Exactly. It’s a lesson in self-worth that I never even dreamed could exist. Up until the past couple years, I’ve felt like plays are where I could feed the weird monster actress side of me, and TV is where I would get health insurance. Like, “If I gotta give up some dignity, fine.” But I didn’t think that I could be the weird monster side on TV, I guess. For this, I was using all of myself, from my scalp to my toes. It feels so fucking amazing. I learned so much from the experience of working with 13 other women—it’s a completely different environment than I’m used to.
How similar was the process of making GLOW to the behind the scenes of the GLOW of the show, where everyone’s living together and training together 24-7?
Normally, a set is the opposite of that. You’ve got to prepare the final product of what you’re going to do alone in your apartment, then you show up on set and you use whatever you’ve come up with in your bedroom. Because we started with wrestling training, there was a square-one, bare-bones, no-bullshit feeling to the whole, and that bled into filming. It wasn’t about, “Here’s what I’ve prepared! I hope it’s right! Please don’t fire me!” It was about cracking open our ribs, spilling our guts to one another, and then grabbing each other by the butts and thighs so we can throw one another across the room. It’s the first job I wasn’t walking through in shame and the fear that I was doing it wrong. It was the first job where the people in charge were concerned with how I was feeling, how she and she and she were feeling.
That sense of positive affirmation and female solidarity is a major part of the show.
Absolutely. We all need to dispel the myth that there’s this type of woman and that type of woman. The idea of wrestling kind of plays on that; a wrestling character is a very specific black-and-white type, and anyone who’s ever met a woman knows she’s 100 different types of people in one, often depending on what time of day it is. And that’s a beautiful, scary, amazing thing. It also means that with every woman, there’s a way in, female-friendship-wise. It took me a long time to learn the lesson that the girl who has the organized purse and the right face serum also cries in the bathroom just like me, you, or anyone else.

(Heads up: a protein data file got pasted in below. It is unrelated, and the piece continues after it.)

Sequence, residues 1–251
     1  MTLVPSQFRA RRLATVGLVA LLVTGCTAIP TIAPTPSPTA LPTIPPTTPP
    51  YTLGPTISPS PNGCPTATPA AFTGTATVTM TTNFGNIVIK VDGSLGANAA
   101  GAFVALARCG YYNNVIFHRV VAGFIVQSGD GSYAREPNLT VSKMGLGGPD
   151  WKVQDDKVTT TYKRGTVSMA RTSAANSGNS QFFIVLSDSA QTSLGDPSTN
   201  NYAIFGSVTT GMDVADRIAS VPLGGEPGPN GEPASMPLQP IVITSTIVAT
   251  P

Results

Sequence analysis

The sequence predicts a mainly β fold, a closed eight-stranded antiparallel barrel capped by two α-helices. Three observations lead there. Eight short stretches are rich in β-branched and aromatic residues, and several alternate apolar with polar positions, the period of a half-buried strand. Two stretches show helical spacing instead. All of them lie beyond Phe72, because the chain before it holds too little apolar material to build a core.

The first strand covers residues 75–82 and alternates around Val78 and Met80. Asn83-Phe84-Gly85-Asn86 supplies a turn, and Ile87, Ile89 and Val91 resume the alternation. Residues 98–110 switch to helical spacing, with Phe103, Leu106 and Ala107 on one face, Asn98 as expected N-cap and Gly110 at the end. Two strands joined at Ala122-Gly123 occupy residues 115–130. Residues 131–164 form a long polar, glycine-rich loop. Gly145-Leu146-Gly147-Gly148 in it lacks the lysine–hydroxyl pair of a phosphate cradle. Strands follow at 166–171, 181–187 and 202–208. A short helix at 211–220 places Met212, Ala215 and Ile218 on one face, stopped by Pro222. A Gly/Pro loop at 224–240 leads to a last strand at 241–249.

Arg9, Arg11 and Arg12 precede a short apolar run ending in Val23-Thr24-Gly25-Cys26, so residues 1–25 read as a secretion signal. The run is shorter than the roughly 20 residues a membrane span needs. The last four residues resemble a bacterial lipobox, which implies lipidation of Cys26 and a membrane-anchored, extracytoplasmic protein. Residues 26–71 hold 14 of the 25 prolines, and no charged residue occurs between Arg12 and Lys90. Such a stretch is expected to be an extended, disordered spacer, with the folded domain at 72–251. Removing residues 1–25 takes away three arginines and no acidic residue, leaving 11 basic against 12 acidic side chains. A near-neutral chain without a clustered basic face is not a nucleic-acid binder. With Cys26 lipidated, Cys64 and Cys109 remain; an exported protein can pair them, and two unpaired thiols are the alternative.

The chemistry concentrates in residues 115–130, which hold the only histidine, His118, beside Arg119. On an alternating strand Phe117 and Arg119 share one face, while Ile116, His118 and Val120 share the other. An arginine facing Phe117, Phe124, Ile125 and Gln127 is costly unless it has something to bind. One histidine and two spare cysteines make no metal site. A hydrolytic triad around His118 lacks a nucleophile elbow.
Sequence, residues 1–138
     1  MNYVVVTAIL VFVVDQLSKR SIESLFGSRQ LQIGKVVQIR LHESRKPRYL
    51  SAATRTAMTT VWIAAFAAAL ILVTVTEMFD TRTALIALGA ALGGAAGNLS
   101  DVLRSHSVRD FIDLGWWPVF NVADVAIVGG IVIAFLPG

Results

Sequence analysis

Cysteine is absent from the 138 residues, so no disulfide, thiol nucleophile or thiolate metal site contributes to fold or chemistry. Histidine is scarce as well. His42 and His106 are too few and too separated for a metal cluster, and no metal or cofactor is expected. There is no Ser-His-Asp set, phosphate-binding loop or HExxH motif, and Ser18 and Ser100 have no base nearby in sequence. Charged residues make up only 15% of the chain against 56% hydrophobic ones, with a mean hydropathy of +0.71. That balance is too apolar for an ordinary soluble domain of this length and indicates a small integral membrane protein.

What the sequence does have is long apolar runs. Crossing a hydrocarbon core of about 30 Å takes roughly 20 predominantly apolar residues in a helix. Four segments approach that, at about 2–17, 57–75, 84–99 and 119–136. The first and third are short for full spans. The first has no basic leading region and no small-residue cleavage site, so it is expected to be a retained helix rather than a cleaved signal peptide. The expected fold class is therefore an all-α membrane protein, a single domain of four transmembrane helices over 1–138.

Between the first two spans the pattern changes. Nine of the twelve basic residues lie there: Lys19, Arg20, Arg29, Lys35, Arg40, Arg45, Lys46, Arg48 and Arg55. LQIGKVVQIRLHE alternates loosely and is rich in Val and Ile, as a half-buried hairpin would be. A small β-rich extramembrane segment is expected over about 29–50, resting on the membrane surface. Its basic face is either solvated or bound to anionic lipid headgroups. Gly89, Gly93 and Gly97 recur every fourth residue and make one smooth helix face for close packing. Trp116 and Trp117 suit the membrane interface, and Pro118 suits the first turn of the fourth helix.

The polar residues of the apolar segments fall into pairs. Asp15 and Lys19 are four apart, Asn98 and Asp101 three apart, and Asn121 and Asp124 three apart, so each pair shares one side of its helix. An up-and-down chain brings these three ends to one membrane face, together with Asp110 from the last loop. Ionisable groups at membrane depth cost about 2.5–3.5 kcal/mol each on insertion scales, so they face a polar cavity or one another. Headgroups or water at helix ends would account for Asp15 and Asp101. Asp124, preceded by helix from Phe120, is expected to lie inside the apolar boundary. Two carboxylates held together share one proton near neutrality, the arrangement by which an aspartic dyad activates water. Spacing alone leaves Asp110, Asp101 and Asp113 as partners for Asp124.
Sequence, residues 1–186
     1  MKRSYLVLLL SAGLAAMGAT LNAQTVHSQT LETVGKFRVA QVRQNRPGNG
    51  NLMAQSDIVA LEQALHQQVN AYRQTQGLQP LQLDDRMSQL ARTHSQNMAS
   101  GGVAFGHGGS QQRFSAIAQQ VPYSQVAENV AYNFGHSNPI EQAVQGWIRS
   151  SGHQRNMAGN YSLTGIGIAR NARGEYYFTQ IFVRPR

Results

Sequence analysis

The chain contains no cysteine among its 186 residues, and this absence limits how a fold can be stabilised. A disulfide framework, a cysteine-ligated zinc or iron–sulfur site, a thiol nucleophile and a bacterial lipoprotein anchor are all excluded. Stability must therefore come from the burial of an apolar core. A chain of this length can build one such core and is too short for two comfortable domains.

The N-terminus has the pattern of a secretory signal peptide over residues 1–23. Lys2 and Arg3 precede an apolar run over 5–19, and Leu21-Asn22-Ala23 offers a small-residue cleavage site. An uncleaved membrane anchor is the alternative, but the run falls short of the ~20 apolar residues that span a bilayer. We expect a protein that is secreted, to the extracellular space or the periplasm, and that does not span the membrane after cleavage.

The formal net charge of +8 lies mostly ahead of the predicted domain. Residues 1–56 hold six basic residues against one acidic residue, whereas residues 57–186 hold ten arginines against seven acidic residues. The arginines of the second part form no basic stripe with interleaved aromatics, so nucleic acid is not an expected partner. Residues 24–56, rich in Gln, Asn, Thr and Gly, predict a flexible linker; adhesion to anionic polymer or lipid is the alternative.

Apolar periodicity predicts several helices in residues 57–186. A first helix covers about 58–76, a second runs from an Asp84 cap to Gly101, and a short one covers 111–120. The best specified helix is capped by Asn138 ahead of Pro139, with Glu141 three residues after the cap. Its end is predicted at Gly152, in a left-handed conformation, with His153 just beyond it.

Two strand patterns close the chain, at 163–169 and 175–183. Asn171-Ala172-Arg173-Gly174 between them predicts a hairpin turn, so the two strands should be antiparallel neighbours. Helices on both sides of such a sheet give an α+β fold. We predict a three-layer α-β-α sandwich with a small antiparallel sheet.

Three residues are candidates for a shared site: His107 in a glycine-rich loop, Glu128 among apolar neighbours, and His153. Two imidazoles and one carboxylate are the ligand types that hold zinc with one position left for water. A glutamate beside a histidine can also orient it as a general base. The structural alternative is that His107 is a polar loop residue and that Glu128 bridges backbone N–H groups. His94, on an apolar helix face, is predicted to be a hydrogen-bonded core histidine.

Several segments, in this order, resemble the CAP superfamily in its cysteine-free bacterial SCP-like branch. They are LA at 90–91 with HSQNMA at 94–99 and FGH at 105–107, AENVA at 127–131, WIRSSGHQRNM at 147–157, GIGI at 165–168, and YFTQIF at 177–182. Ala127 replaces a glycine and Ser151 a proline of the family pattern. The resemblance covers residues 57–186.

What was the physical training like?
We did a little over a month of wrestling training, and we trained through the four months of shooting. I thought they were gonna work us out so we could look a certain way, do the moves in a certain way. And it was really just "come as you are, learn the moves." As a cast, we’re all different shapes and sizes, but that had no correlation to our abilities. That was really freeing—it put everyone confidently in their bodies immediately, instead of feeling like, “I’ve got to hit a certain number before filming starts,” which is often what shooting a cop show is like. I think a lot of actresses feel panicked when they get cast in something—like suddenly you’ve got to lose five pounds and change the shape of your face. But for a show so centered around being physical, there couldn’t have been less body-shaming. I’ve never thought less about thinking about what I look like.
You’re on American Gods this year as well. What went into changing gears between those two wildly differing productions?
American Gods was a great stepping stone into GLOW. I turned 30 last year on the American Gods set, and something about turning 30 made me think, like, Maybe I’m not going to be so hard on myself and not trying the crazy things I want to try on set. I’m gonna take a big swing with this character, and maybe they’ll tell me to pull it back or make smaller faces, but I’m gonna go for it. Usually, I’d come up with something in my bedroom and think, No, that’s too outrageous, I’ll just do what I think that they want me to do. I didn’t do that on American Gods, and no one died, so I could go into GLOW with a new confidence. My voice in a room was not going to hurt anyone. It was actually a little powerful, I learned.
Looking you up, I saw you’ve done a Law and Order episode as well as an SVU. I feel like that’s kind of a rite of passage for New York actors.
Yeah, but I did four Law and Orders! I did Criminal Intent, two of what’s called “the mothership,” and then one SVU. Wait, maybe I did two Criminal Intents. Did I do five? Oh, who remembers? But I do remember saying to the Law and Order people when they were about to cast me for the second time, “You know, I died last year on this show.” And they were like, “It’s fine, no one cares.”